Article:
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Old 06-06-10, 05:06 PM   #1
Shang
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Dual-pivot brake caliper install?

So I have a nearly-new 2008 CAAD9 frame, which I'm building up with parts off of eBay. Problem is, I've only ridden my cross bike with cantilever brakes, so I'm not entirely sure how some things go on, like the brake calipers.

Each one has 2 serrated washers, and I can't figure out if I need to install both of them. Obviously one goes between the caliper and the brake bridge, but the other one can't go on the other side of the brake bridge because it blocks the blind nut from engaging the mounting bolt. Is there some reason that I might need to stack both of them on the same side of the brake bridge? It seems like using one would yield the same result, and allow greater thread engagement between the nut and mounting bolt.
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Old 06-06-10, 07:39 PM   #2
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As long as the recessed nut doesn't bottom out before getting the caliper tight, use only the one washer on the rear face of the bridge. Add a second washer only if the threaded bolt on the caliper or the recessed nut are too long. Even then, getting a shorter nut is preferred.
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Old 06-06-10, 07:46 PM   #3
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you only need one serrated washer for each. They're there to keep the caliper from pivoting on its axis.
I think they give you a spare for the next bike they might go onto.
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Old 06-06-10, 08:37 PM   #4
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you only need one serrated washer for each. They're there to keep the caliper from pivoting on its axis.
I think they give you a spare for the next bike they might go onto.
Not sure about the dual-pivots, but better quality side pull brakes would often use 2 serrated washers on the front brake to allow the wrench flats on the pivot bolt (used to center the caliper over the rim) to clear the lower headset cup. Maybe it's just an anachronism from back then...
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Old 06-06-10, 08:43 PM   #5
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Not sure about the dual-pivots, but better quality side pull brakes would often use 2 serrated washers on the front brake to allow the wrench flats on the pivot bolt (used to center the caliper over the rim) to clear the lower headset cup. Maybe it's just an anachronism from back then...
hmm, that's a good explanation.

I've found it unnecessary to even use a wrench to hold the caliper in place...
just some blue loctite... never had to fix the position of my brakes either.
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Old 06-07-10, 09:04 AM   #6
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I've never had to double washer rear brakes but have used the supplied washer plus a 2 mm spacer washer in front to let the brake pads clear the blades of a wide carbon fork.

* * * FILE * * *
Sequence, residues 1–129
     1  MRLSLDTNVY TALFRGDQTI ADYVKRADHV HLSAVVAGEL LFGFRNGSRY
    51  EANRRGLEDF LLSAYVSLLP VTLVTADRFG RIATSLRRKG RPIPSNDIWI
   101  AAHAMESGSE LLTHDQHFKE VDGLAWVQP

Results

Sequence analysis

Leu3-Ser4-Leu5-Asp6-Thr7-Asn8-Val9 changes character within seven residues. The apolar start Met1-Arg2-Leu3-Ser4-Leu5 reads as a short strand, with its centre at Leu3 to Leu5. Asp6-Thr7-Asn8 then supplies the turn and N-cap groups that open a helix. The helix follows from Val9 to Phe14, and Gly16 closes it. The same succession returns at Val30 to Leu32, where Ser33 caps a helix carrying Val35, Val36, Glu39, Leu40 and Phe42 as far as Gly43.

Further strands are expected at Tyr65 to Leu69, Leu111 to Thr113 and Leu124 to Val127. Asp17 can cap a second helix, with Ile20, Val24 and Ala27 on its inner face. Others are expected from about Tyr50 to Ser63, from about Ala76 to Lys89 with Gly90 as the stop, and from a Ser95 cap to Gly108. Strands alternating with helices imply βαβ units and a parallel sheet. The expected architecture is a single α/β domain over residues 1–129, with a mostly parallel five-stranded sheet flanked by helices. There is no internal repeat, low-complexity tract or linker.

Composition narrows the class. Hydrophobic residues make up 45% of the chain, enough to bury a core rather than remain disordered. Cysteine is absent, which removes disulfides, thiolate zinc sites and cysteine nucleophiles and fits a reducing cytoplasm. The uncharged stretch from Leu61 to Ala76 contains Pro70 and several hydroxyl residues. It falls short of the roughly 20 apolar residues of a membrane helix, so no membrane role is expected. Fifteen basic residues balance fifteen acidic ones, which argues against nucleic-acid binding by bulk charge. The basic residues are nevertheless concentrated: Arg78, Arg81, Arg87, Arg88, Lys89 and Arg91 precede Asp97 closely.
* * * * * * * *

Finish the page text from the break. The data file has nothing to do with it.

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Old 06-07-10, 10:31 AM   #7
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As long as the recessed nut doesn't bottom out before getting the caliper tight, use only the one washer on the rear face of the bridge. Add a second washer only if the threaded bolt on the caliper or the recessed nut are too long. Even then, getting a shorter nut is preferred.
That's not what the purpose of that washer is for. It's a star/serrated washer for a reason.

Quote:
Not sure about the dual-pivots, but better quality side pull brakes would often use 2 serrated washers on the front brake to allow the wrench flats on the pivot bolt (used to center the caliper over the rim) to clear the lower headset cup. Maybe it's just an anachronism from back then...
All modern dual pivots (like the ones that come on the OP's bike) that come with those washers are easily centered by hand and not the "centering" bolt.

The purpose of that serrated washer is to prevent dual pivots from rotating by hand easily when the mounting surface sucks. It also serves to move the caliper out for whatever reason(s) already stated in this thread.
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Old 06-07-10, 12:01 PM   #8
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That's not what the purpose of that washer is for. It's a star/serrated washer for a reason.

The purpose of that serrated washer is to prevent dual pivots from rotating by hand easily when the mounting surface sucks. It also serves to move the caliper out for whatever reason(s) already stated in this thread.
Yeah, I know what it's for and why but my experience is that the star/serrations have not been needed on any bike I've mouted dp brakes. Snugging the mounting nut firmly keeps them in position and that's all that's needed.
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Old 06-07-10, 02:18 PM   #9
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Is it safe to assume that these washers won't damage a carbon frame/fork? They do dig into the carbon a bit, but not very deeply. All my carbon forks have alloy crowns so I don't think there's any structural carbon in that area, but I don't know about full carbon forks.
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Old 06-07-10, 02:44 PM   #10
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Is it safe to assume that these washers won't damage a carbon frame/fork? They do dig into the carbon a bit, but not very deeply. All my carbon forks have alloy crowns so I don't think there's any structural carbon in that area, but I don't know about full carbon forks.
as far as I'm aware, caad9 stock fork has an aluminum block in the crown just for this purpose.
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